Kanautica Zayre-Brown had been incarcerated in a North Carolina men’s facility for more than a year when the Department of Public Safety made the decision to move the transgender female inmate to a women’s facility in Anson County in 2019. That decision made her the first incarcerated transgender person transferred based on gender identity in North Carolina.
Unfortunately, her struggles didn’t end there, and her fight to receive gender-affirming medical care continues, though it appears there may now be a light at the end of the tunnel.During the final week of August, attorneys for the ACLU urged a federal district court to grant preliminary relief to Zayre-Brown. Following the hearing, U.S. District Judge Max Cogburn indicated the possibility of an order to reject the state government’s request to dismiss the suit entirely.
Cogburn confirmed he wants to hear arguments in Zayre-Brown’s case, but refrained from making a ruling on the motion and he did not respond to the ACLU’s motion for a preliminary injunction, which would have allowed Zayre-Brown to have surgery and receive prescriptions.
Although no specific dates have been announced, he is expected to issue his decision on both motions in the near future,
In the most recent lawsuit filed on behalf of Zayre-Brown in April 2022, the North Carolina Department of Public Safety (DPS) is charged with denying essential gender-affirming health care to the inmate, who has been diagnosed with gender dysphoria.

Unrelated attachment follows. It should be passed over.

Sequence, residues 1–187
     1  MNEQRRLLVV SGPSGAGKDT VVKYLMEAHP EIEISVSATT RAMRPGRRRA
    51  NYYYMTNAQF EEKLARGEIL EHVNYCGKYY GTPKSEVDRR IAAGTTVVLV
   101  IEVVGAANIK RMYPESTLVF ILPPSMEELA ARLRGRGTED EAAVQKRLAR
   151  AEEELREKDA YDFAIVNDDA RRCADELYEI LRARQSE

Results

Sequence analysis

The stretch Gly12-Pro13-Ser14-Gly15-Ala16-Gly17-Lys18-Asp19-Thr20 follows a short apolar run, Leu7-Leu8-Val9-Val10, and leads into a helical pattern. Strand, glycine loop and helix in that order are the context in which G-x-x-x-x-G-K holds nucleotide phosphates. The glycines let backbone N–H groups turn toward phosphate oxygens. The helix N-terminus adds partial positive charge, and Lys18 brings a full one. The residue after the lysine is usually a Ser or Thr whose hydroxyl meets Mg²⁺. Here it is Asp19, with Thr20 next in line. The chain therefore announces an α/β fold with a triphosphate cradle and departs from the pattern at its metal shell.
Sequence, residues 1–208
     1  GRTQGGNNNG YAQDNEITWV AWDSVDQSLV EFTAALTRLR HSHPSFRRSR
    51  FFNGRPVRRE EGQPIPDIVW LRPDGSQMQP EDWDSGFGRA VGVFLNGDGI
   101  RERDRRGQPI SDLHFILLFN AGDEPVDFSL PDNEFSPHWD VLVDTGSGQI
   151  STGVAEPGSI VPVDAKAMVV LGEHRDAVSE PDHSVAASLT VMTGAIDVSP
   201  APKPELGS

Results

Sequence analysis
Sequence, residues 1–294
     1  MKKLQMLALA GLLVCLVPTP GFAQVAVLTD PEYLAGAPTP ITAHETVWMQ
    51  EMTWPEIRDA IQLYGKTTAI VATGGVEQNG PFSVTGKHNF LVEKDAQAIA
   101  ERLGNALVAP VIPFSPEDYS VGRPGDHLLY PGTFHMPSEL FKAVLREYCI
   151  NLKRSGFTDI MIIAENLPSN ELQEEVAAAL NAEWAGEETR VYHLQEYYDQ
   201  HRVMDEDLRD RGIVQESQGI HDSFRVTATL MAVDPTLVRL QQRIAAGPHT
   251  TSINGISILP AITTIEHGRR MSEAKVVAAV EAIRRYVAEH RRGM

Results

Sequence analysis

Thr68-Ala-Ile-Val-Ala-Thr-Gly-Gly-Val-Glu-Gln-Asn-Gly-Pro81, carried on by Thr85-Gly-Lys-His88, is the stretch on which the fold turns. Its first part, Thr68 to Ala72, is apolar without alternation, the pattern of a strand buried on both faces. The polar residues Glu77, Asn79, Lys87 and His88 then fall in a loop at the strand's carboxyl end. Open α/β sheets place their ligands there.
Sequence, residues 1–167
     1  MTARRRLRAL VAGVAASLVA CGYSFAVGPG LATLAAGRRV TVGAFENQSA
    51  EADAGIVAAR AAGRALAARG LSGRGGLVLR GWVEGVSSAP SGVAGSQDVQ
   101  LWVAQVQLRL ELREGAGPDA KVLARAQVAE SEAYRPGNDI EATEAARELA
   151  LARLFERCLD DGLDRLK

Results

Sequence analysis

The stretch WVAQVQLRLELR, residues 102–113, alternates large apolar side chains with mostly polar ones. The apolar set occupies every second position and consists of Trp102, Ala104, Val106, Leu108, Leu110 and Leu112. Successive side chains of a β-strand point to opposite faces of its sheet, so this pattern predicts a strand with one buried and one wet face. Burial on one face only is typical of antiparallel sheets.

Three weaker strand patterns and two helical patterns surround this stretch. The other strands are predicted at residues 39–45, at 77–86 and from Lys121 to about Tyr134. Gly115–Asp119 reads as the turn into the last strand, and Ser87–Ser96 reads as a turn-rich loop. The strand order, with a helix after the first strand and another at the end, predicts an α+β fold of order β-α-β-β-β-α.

Zayre-Brown has requested necessary treatment consistent with established medical standards yet for several years, but she continues to face numerous delays.
“State officials must comply with their legal obligations to those committed to their care, including those who are transgender,” said Jaclyn Maffetore, staff attorney with the ACLU of North Carolina. “Mrs. Zayre-Brown deserves adequate medical treatment for her gender dysphoria. DPS’s failure to provide that care is a violation of her rights, an affront to her dignity, and a threat to her life.”
If granted by Cogburn and the U.S. District Court for the Western District of North Carolina, the motion for a preliminary injunction will require DPS to assess Zayre-Brown for the medical care she has been denied and provide it while the case proceeds.
In response to litigation from the ACLU and ACLU affiliates, courts across the country have consistently recognized the right of incarcerated transgender people to adequate health care and safety measures. In late December 2021, a federal court ruled on a motion and ordered the Bureau of Prisons to evaluate Cristina Nichole Iglesias for gender-affirming surgery.
That decision marked the first time a court has ordered the federal government to address an incarcerated person’s medical needs for transgender-related surgery needs.
Zayre-Brown was convicted of insurance fraud and sentenced to ten years in 2017, which would mean she will remain in the Anson County Correctional Facility until 2027. Reaction to her plight from LGBTQ Americans nationwide and the work of the ACLU secured her ytansfer from a men’s prison to the women’s facility in 2019. She has expressed regret for her crimes and is hopeful for an early release.
More information on this developing story will be forthcoming as it is made available